In the meantime, those items of MLW's ridiculously overpriced show riding clothes that could be gentle-washed before being hung to dry for days were sitting in the detergent and water, not being washed. The ASKO people, loveable Swedes that they are, provided a method for draining the washer. It's a hose at the bottom that you can unplug and point toward a low-walled pan. Fill that pan a few times and the sensor that prevents you from opening the door if the water level is too high stops doing that, and you can open the door and remove the sopping wet soapy clothes.

We brought the clothes to the bathtub. She filled it with cold water and, kneeling side by side next to the tub, we started swishing the clothes around to agitate them a little. Wring them out and drop them back in for a repeat. And another. And another. Horses, it turns out, are dirty creatures. Drain the dirty water, and refill it to rinse away the soap. More wringing and rerinsing and wringing and rerinsing. One final wring and up on the line over the tub to drain. It took about an hour to do all that for 10 items of clothing and two saddle pads, at the end of which I was bored, wet, annoyed.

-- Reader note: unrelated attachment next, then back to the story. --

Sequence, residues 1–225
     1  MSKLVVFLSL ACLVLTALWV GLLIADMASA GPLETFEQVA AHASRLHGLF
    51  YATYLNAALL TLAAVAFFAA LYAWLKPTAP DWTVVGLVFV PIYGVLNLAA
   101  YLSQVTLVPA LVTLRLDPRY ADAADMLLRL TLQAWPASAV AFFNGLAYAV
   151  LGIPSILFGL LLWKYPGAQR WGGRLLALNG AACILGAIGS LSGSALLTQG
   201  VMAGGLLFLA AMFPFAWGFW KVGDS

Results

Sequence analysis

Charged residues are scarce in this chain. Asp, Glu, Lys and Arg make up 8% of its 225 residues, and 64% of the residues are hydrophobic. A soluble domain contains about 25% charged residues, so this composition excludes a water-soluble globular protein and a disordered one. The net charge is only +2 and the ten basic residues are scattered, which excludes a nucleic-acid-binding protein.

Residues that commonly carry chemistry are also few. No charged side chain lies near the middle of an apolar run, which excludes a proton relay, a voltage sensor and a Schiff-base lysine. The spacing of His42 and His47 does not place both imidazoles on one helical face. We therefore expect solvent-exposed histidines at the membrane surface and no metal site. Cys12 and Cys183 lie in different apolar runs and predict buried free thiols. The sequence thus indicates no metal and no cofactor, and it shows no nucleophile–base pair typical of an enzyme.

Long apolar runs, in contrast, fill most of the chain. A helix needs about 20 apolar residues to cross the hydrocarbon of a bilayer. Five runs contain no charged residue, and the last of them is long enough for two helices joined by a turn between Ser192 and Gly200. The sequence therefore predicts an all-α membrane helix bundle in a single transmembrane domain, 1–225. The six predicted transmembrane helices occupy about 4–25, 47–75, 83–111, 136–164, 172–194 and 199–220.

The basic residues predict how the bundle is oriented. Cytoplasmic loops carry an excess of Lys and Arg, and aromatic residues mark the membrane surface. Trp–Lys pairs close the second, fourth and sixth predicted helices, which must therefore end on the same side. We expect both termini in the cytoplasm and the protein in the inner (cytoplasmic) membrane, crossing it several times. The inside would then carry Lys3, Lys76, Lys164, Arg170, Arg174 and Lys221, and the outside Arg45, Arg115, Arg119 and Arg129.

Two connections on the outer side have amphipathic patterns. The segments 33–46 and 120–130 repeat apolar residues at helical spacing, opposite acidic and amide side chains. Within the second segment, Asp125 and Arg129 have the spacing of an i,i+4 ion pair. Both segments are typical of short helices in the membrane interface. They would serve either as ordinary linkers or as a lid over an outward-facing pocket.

I remarked that I rather appreciate the washing machine now, and MLW's response was that not long ago we'd be smacking the clothes on a rock down at the creek a mile or so away from the log cabin. I reminded her that *she'd* be schlepping the clothes back and forth to the creek for rock-smacking as I would be out behind the mule tilling fields or off in the woods hunting or some such, since laundry back then was work for the womenfolk. We agreed that the people who today have to do that sort of labor to accomplish the (until yesterday) practically invisible task of cleaning clothes have it harder than we do, and these mechanical contrivances and devices we think we just use but really rely on are actually sort of a blessing. I would not choose to wash clothes by smacking them on a rock. I can do it, but I'd rather not. We also agreed that ordering the motor with overnight shipping was a good idea.

Quasi-related pic below (not MLW riding).